I Swear By This 5-Step Routine For Brighter, Whiter Teeth At Home

The glow up.

by Natasha Marsh

Although it’s much more glamorous to gush about a beauty or self-care routine, an oral care routine is just as vital for your overall health — and something I spent an extensive amount of time perfecting during the last two years after seeing my smile on Zoom after Zoom. Virtually and in person, I noticed my excessive coffee- and wine-habits starting to stain my teeth and my lack of flossing wasn’t helping either. Fortunately, after much research and phone conversations with my local dentist to find an at home teeth whitening routine that works, I’ve realized it’s actually quite simple to update and improve a dental regime if you’re willing to invest in the right products (more on that later.)

The first thing to note is that there are two types of stains: intrinsic (enamel stains) and extrinsic (surface stains.) Intrinsic stains happen inside the tooth, within the enamel or dentin, and can occur via genetics, aging, or other issues. To remove them, you can visit your dentist for a professional cleaning or use bleaching agents like carbamide or hydrogen peroxide. On the other hand, extrinsic stains happen on the surface of the tooth and usually form from pigmented foods, beverages, and tobacco, getting worse over time if you don’t address them.

Luckily, in addition to regular brushing and flossing, there are a few more things that will improve discoloration and gum health. Ahead, my five-step routine to shinier and whiter teeth. Bonus: it only takes 10 minutes!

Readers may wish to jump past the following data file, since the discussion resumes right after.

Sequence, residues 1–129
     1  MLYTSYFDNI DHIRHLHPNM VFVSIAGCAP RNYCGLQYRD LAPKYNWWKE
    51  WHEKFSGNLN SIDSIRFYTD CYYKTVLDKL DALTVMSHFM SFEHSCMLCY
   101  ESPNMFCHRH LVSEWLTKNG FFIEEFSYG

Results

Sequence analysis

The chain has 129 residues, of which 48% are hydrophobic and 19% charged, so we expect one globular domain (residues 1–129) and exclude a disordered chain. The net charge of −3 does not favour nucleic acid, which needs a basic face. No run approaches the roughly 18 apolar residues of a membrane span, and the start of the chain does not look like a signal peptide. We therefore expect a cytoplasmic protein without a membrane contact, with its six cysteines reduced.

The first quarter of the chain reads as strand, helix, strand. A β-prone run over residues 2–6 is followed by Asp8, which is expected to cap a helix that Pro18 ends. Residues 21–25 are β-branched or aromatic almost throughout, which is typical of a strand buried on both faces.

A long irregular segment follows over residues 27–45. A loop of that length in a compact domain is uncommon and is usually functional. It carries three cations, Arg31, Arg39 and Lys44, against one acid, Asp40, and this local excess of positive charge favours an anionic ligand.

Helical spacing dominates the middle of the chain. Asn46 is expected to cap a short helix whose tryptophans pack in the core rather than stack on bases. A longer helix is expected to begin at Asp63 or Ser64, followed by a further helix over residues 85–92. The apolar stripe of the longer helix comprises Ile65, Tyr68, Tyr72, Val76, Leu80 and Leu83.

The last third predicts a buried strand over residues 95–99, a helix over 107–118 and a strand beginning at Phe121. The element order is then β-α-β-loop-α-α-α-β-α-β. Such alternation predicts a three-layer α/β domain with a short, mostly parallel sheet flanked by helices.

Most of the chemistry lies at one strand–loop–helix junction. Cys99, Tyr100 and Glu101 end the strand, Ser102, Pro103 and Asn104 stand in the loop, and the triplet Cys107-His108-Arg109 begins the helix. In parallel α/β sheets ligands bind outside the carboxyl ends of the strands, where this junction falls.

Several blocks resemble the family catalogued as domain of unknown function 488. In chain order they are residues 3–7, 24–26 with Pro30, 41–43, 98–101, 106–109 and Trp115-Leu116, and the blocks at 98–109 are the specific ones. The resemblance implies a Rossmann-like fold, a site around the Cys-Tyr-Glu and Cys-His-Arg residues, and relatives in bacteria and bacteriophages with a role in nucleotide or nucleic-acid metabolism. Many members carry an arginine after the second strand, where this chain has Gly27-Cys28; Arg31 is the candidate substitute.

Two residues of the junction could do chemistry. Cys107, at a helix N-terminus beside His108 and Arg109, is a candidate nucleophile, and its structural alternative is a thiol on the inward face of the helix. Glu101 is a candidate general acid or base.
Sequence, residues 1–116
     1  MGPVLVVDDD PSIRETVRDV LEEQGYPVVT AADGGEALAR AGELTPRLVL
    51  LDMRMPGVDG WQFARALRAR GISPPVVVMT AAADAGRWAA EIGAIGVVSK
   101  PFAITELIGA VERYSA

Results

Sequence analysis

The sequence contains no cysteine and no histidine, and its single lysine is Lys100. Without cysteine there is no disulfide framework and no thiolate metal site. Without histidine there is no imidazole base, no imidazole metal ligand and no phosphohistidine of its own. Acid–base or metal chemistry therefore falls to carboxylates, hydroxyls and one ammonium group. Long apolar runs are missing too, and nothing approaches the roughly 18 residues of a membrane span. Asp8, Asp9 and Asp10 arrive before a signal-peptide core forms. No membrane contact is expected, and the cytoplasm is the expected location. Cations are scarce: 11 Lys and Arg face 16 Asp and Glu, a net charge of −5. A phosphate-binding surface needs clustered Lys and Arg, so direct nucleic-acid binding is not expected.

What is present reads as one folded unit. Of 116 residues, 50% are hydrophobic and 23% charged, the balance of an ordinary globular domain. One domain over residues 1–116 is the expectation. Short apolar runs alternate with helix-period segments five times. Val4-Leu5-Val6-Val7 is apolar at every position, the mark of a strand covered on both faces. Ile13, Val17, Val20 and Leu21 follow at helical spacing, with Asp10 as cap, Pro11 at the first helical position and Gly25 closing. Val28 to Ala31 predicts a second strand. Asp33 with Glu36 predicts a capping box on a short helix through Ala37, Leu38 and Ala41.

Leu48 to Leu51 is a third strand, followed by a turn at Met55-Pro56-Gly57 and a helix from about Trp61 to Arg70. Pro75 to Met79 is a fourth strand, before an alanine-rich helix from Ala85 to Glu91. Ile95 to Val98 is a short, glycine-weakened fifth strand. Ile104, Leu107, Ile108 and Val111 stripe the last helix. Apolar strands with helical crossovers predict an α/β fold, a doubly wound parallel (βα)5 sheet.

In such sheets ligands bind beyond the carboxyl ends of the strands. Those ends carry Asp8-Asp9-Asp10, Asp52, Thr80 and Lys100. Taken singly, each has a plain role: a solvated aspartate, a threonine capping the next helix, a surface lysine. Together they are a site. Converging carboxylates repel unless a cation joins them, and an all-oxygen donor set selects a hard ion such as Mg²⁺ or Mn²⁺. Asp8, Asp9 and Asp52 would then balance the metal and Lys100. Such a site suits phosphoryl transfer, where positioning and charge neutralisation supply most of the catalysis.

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Step 1: Brushing

Select The Right Toothbrush

The American Dental Association (ADA) recommends brushing your teeth twice a day with a soft bristle toothbrush. “Brushing should only take about two minutes — think of your mouth as being divided into four sections: top right, top left, bottom right, and bottom left,” says Dr. Ryan Reichelt, Tend's director of clinical practices. “Focus on brushing each section for 30 seconds and you are on your way to dental perfection.”

With Dr. Reichelt’s expert recommendation, I use Burst Sonic Toothbrush, which has 33,000 sonic vibrations per minute. What I love about this toothbrush is it buzzes every 30 seconds, signaling you to switch sections until you complete all four sections in two minutes. Essentially, it takes out all the guesswork for you for an incredible, yet gentle clean. As a sonic brush, it also provides a deeper clean by getting between the tooth and gum line in a way a traditional toothbrush cannot.

The ADA also recommends replacing it every three to four months as a worn-down toothbrush doesn’t lift stains and polish teeth as well and has a greater chance of bacteria buildup.

Invest In A Whitening Toothpaste

Dr. Reichelt recommends looking for toothpaste with fresh eucalyptus or cooling methanol to leave your breath clean and fresh. Other things to look for on a toothpaste label: cavity protection, enamel safe, fights plaque and tartar, reduces mouth bacteria, and promotes gum health. Reinforcing enamel repair and production is one of the best ways to prevent stains.